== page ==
As someone who was born in Miles Platting, North Manchester and lived all my adult life in Oldham, the latest report from the Joseph Rowntree Foundation (Uneven Growth – Tackling Decline In UK Cities) comes as no surprise. The report shows that 10 of the top 12 most declining UK cities are in the north of England.
Frankly any recent study would show that many of our Northern cities still suffer from a legacy of industrial decline and a failure of all governments to develop a regional economic strategy. The consequences are not just felt in Northern towns. London and many cities in the south suffer from high levels of congestion and property prices that disadvantage their residents. But as I reminded my colleagues when I was leader of Oldham Council – our challenge was not to explain the history of Oldham, but to change it.
If we want to ensure that similar reports are not being written in 10 years, we have to focus on the transformational changes in the North that will create the self-sustaining growth necessary to rebalance the national economy. Three issues are critical:
1. The report is correct to stress the vital importance of an educational and skills strategy. Too often many industrial towns are trapped in a cycle of low skills and low-paid jobs that offer nothing to the ambitious and entrepreneurial.
It was my mission at Oldham Council to encourage more local people to set up their own businesses. We are seeing the results in our "Independent Quarter" which is helping to transform the prospects for our town centre. Our schools and colleges have to respond to these new challenges more effectively and that is why I established the Oldham Educational And Skills Commission with Estelle Morris, the former secretary of state for education.
There is a growing danger that, with the advent of national chains of academy schools, educational priorities are set nationally with no regard to local needs and interests.
2. We need much more effective transport connections in and between our regional cities. It currently can take as long to get from Liverpool to Leeds, a distance of 70 miles, as from Liverpool to London, a distance of 170 miles. Greater Manchester is the only Northern conurbation that has a relatively well-developed tram system.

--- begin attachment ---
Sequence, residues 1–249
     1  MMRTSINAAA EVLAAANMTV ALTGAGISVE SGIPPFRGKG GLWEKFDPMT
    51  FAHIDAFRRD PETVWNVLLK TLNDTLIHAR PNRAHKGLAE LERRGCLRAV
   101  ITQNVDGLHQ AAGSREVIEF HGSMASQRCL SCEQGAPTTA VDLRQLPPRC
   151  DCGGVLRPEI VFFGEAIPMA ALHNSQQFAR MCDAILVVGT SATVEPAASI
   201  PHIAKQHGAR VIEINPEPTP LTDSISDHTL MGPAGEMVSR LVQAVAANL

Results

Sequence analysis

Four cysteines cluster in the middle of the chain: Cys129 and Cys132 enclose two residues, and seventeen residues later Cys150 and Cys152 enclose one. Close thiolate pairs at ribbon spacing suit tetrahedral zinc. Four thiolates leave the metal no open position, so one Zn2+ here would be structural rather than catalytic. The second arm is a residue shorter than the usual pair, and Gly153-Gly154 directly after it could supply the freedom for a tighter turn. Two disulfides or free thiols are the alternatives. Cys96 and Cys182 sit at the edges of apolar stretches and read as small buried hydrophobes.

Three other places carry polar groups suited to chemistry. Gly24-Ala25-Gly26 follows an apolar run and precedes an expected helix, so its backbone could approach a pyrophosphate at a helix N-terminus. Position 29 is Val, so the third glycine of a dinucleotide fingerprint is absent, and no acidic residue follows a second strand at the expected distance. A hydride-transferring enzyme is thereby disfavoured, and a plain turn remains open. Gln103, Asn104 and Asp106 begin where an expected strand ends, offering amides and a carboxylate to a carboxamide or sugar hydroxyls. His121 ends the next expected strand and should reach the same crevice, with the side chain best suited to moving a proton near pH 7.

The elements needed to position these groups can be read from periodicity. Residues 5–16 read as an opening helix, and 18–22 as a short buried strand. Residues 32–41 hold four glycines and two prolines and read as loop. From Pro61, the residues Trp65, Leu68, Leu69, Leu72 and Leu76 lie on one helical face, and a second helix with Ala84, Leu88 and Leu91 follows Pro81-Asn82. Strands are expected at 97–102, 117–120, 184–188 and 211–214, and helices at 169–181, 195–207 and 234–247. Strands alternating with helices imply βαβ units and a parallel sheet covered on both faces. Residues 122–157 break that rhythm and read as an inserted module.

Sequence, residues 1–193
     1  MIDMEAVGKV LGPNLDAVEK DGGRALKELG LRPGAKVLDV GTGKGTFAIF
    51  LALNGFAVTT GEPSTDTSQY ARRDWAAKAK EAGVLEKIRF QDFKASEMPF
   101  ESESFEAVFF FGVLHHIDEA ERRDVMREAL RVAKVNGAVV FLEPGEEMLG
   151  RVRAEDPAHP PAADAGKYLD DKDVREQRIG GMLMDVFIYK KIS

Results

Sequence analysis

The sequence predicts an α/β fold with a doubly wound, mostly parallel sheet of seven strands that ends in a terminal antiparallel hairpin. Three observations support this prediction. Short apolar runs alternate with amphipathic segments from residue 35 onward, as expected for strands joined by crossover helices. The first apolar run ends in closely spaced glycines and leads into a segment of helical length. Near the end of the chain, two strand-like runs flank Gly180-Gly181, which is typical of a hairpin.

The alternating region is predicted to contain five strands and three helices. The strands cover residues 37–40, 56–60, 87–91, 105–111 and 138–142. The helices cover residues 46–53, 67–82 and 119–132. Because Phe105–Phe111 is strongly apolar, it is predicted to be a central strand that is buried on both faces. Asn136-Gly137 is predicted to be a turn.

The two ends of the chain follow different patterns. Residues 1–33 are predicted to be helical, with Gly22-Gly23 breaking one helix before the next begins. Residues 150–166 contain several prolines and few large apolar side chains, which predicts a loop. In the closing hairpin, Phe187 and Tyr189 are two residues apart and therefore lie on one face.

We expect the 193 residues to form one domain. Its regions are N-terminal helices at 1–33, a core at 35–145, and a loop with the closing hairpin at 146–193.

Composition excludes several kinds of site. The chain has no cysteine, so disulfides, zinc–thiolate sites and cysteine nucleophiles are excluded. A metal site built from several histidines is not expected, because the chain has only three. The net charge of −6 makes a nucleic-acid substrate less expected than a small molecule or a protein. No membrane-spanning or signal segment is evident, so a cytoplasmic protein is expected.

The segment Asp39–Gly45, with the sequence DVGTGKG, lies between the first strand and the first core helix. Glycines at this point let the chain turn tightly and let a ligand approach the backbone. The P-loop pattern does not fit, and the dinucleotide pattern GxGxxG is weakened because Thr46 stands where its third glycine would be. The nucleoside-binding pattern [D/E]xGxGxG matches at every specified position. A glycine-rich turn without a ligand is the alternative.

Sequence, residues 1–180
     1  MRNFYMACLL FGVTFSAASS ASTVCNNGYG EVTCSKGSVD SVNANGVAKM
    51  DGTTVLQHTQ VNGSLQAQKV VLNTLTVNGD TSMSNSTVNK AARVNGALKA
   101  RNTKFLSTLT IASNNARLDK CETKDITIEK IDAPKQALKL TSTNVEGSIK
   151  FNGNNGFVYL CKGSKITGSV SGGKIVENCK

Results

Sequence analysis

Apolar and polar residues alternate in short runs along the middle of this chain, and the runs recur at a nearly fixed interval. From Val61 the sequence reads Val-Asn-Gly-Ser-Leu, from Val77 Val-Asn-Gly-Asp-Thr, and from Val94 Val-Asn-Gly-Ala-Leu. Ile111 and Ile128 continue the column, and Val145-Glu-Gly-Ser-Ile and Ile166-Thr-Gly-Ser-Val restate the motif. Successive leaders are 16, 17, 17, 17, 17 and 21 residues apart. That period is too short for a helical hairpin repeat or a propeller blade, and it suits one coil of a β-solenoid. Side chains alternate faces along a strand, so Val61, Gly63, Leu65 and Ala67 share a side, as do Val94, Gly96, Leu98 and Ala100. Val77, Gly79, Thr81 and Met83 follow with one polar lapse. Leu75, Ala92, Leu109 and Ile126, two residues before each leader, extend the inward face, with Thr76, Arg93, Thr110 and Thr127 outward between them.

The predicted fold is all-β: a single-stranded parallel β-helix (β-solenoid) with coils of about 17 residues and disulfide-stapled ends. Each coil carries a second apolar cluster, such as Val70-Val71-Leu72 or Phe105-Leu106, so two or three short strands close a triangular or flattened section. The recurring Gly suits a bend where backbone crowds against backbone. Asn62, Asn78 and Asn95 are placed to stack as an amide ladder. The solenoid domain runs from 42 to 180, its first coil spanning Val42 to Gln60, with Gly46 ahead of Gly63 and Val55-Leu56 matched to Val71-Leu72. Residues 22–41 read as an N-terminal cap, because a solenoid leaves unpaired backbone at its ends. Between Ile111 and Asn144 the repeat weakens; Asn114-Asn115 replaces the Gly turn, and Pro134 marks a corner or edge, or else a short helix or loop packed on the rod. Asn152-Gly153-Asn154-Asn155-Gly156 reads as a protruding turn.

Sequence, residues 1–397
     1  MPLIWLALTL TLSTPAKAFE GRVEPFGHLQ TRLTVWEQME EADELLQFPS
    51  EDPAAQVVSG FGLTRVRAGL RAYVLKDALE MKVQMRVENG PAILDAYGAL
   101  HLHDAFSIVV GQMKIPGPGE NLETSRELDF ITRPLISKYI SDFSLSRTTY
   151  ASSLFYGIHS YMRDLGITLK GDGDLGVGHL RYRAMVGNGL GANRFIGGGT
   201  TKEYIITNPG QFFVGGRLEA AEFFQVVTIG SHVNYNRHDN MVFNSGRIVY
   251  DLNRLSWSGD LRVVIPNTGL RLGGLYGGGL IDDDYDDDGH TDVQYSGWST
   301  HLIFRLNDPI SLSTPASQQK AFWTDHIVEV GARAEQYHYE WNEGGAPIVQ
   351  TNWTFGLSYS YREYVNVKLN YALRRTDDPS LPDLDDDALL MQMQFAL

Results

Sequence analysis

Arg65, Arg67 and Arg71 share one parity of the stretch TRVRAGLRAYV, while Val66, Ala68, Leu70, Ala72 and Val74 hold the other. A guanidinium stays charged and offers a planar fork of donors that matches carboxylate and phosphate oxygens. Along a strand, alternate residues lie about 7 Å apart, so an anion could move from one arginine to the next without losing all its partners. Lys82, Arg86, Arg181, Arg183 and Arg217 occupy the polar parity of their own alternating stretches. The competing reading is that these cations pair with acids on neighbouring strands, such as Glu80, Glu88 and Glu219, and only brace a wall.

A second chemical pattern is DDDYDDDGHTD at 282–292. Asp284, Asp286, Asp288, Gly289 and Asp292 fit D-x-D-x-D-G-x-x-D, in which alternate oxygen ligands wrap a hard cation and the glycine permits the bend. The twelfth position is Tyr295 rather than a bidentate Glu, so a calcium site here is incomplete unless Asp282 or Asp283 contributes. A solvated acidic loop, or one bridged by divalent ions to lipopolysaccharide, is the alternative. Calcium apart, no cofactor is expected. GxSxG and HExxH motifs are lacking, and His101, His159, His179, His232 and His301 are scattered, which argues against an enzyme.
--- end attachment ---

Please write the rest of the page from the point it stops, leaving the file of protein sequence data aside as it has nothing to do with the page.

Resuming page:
Greater connectivity in and between our Northern cities can help create the large consumer markets essential for major investment and also allow greater opportunities for job seekers and local businesses. It also means that we can make a more effective case for national cultural institutions to move part of their hidden treasures to Northern cities with a much larger catchment area of potential visitors.
3. As someone who has recently made the transition from council leader to MP, I am beginning to understand some of the tensions that exist between central and local politics. In many Northern towns there is a strong sense of civic pride that can sometimes present itself as opposition to change and renewal. But if we in the North are to realise the potential that exists for economic and social progress, we have to challenge the victim mentality that can occasionally occur as in the current political debate on devolution.
The current offer from the government on political devolution to several city regions can be improved, but the best way to do that is ensuring we have effective political leadership at local and national level − and specifically around the role of the new city region mayors.
Our future in Greater Manchester is working together to create a city region that can compete with the best in Europe. To do that, we as political leaders at all levels have to work with our business and civic leaders to improve on the current devolution offer, but more importantly create the confidence and dynamism that is integral to transformational change.
Jim McMahon is the newly elected MP for Oldham West and Royton. He was previously leader of Oldham Council.